1. I think I still have some of the same questions about whether Cam Newton's going to be a great quarterback in the NFL. But I was talking to a veteran NFL coach the other day who crystallized something for me. "Cam Newton was down 24-0 at Alabama, in a game against one of the great defensive minds [Nick Saban] in football, in one of the toughest places to play in all of football, with the national championship on the line for his school, and he came back to win it. That's not one of the best performances of the year. It's got to be one of the best performances by a college quarterback ever.''
Add these two things: 101,000 screaming fans, 90 percent of them anti-Auburn; and the pressures of playing with the NCAA investigation of his father allegedly asking for money for Newton to enroll after his 2009 junior-college season. The PA played "Take the Money and Run,'' by the Steve Miller Band, in pregame warmups, and when Newton came out of the tunnel, fans threw monopoly money at him. That's one heck of a day to have on a quarterback résumé.
2. I think this was the funniest thing I heard all week in putting together my mock draft. It came from a longtime pro personnel director: "By the time we get done looking at these guys, none of 'em can play.''
3. I think you can blame this opinion on me being friends with Bob Papa if you wish, but it's downright foolish for NFL Network to be playing with his job by making him audition for it. Foolish. There's no other word.
I absolutely do not think Papa should be replaced. But let's say the bigwigs atop the Network don't think Papa's sexy enough, or something enough, to be the voice of the Network for the Thursday night games. To have him audition after he's done play-by-play on the games for three years is a slap in his face. If they were so enamored of Gus Johnson -- and there's good reason to be; Johnson's fun -- they should have simply auditioned Johnson, then made a decision. How is Papa sitting in a booth with Mike Mayock going to sway anyone's opinion of him?
Papa's the ultimate solid play-by-play man, with strong lines and excellent set-up capability. I love listening to him, because I learn things. Yes, I do a radio show with him at Sirius, and we're friends. But I believed he was very good before I ever worked with him, and I believe it even more now. In the immortal words of Mad Dog Russo, "That's a bad job, NFL Network. Bad job!''
4. I think the reason it's so difficult to place the quarterbacks in the proper order in this draft is simple: Different teams like different players. Take Andy Dalton. The Bengals interviewed him at the combine, went to his pro day, had a private workout with him, hosted him for a visit in Cincinnati ... and will visit him one more time before the draft. Seattle's got a quarterback need too, and spent 15 minutes with Dalton at the combine. That's it. But you can't always make a judgment based on personal contact. Remember Jay Cutler and the Broncos on draft day 2006? The first time he talked to coach Mike Shanahan was in taking a phone call from the Broncos, congratulating him on being drafted by Denver.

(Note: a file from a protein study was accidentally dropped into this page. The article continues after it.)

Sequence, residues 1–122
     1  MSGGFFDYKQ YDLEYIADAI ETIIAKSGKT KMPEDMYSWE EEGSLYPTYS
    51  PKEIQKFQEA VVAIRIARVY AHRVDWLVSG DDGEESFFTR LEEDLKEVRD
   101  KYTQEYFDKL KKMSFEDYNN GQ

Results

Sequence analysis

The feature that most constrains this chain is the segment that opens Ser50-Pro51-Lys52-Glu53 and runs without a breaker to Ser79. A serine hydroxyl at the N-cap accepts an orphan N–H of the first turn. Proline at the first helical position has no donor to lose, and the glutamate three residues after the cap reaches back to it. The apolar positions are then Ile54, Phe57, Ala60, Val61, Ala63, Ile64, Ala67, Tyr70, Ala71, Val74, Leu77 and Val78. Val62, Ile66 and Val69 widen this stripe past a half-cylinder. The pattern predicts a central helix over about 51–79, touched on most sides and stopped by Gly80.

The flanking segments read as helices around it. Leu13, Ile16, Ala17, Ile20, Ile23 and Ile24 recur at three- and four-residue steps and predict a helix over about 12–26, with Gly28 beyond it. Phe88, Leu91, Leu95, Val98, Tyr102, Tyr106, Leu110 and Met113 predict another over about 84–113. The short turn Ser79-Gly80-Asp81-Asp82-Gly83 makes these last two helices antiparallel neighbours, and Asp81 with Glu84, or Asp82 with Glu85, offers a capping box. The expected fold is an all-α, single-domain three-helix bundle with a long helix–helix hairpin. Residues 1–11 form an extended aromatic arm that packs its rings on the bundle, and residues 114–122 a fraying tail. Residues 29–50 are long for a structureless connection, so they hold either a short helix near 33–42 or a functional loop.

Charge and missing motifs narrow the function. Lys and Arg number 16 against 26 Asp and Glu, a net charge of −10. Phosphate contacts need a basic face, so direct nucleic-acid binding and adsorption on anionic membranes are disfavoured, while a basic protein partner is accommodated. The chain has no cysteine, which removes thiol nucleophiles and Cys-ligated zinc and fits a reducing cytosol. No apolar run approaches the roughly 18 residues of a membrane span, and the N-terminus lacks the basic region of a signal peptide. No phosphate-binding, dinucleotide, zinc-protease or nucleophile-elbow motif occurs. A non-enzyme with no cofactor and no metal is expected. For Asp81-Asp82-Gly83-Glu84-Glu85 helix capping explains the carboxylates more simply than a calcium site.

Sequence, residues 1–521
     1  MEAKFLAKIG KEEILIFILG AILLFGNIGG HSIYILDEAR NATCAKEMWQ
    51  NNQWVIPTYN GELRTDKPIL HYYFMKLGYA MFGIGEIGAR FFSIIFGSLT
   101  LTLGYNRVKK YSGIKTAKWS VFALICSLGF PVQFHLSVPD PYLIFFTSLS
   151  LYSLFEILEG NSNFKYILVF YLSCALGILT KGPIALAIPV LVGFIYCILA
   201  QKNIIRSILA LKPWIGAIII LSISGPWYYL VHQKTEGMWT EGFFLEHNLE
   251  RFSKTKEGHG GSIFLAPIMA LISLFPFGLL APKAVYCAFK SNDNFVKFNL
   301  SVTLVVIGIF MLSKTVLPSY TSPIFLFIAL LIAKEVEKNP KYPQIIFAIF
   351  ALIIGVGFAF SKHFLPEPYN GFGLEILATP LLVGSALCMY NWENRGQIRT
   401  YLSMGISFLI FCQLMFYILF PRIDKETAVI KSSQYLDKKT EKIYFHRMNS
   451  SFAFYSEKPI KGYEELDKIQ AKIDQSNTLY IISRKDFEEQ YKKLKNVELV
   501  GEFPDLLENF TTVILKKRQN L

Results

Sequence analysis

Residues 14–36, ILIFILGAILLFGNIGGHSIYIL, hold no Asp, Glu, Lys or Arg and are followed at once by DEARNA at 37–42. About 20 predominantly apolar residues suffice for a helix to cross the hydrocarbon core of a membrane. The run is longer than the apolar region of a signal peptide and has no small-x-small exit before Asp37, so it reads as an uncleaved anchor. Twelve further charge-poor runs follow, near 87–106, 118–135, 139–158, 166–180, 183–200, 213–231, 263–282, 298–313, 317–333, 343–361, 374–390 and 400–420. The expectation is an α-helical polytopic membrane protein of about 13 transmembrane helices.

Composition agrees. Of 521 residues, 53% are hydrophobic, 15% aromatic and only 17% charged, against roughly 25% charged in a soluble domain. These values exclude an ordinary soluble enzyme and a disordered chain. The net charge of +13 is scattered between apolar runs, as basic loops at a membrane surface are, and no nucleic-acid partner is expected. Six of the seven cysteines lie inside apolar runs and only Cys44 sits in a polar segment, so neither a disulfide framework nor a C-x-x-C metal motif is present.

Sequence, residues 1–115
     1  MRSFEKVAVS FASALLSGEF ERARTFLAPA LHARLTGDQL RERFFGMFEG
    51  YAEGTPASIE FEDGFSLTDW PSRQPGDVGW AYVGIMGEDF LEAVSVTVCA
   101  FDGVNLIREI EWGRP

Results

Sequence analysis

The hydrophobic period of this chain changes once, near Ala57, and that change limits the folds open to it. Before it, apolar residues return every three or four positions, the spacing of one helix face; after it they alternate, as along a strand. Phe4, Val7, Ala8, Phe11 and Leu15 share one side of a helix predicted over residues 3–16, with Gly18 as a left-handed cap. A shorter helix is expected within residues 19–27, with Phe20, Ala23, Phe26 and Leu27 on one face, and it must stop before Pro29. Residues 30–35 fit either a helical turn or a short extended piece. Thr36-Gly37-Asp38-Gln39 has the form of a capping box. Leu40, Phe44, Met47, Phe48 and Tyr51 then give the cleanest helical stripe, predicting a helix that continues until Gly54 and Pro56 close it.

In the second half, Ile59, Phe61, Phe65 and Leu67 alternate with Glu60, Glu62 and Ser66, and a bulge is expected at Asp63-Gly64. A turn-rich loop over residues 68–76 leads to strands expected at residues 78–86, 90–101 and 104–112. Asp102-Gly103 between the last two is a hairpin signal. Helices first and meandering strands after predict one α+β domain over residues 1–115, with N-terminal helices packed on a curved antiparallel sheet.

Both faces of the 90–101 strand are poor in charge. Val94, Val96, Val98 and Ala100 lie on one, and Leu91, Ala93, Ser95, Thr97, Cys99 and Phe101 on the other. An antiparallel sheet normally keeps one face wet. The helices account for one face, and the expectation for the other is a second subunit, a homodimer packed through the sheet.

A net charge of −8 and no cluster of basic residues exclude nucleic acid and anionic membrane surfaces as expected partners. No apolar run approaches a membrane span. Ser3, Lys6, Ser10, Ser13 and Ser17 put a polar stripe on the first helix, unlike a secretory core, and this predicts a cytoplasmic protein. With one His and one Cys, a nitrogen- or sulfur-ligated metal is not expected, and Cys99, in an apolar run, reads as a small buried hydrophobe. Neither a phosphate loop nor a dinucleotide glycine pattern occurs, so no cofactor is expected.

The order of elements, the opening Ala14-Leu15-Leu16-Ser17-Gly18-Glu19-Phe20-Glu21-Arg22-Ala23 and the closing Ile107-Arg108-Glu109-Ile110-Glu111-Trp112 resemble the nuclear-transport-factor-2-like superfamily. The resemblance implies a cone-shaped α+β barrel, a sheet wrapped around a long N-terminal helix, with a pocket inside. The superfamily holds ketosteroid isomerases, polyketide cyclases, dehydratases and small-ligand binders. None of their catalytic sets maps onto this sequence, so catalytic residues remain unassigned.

5. I think Plaxico Burress, nearing the end of his sentence in upstate New York for carrying a concealed weapon in Manhattan and discharging it in a nightclub, is beginning to sound a lot like Michael Vick did when he neared the end of his stay in Leavenworth. When Tony Dungy visited Burress, he found a man saying all the right things and wanting very much to be a reformed person. Burress wants to attend the NFL Rookie Symposium and alert the prospects to learn from his mistakes. My guess is at least two or three teams will be in the mix to sign Burress as receiver insurance when he exits prison this summer.
6. I think the NFL-NFLPA talks were very quiet Thursday and Friday, the way they should be. They should be leakproof if the two sides are serious about getting something done. I continue to think the mediated discussions won't amount to much, because the players won't be motivated to really negotiate before Judge Susan Nelson decides whether to issue an injunction against the league; if that happens, the ruling would mean the owners have to end their lockout of the players.
7. I think, based on what I'm reading from your e-mails and tweets, we need a quick lesson in 2011 draft trading. What is allowed: the trading of draft picks in this draft or an upcoming one. What isn't allowed, unless the judge in Minnesota rules for an immediate injunction, thus opening the 2011 league year before an appeal can be heard: any trade that involves a player, or any free-agent signing of a player. There's been too much confusion on that one. Also, teams cannot discuss future trades involving players, either. That'd be a sure fire starter with the league if it surfaces, with NFL sanctions sure to follow if it finds out teams have been discussing player deals.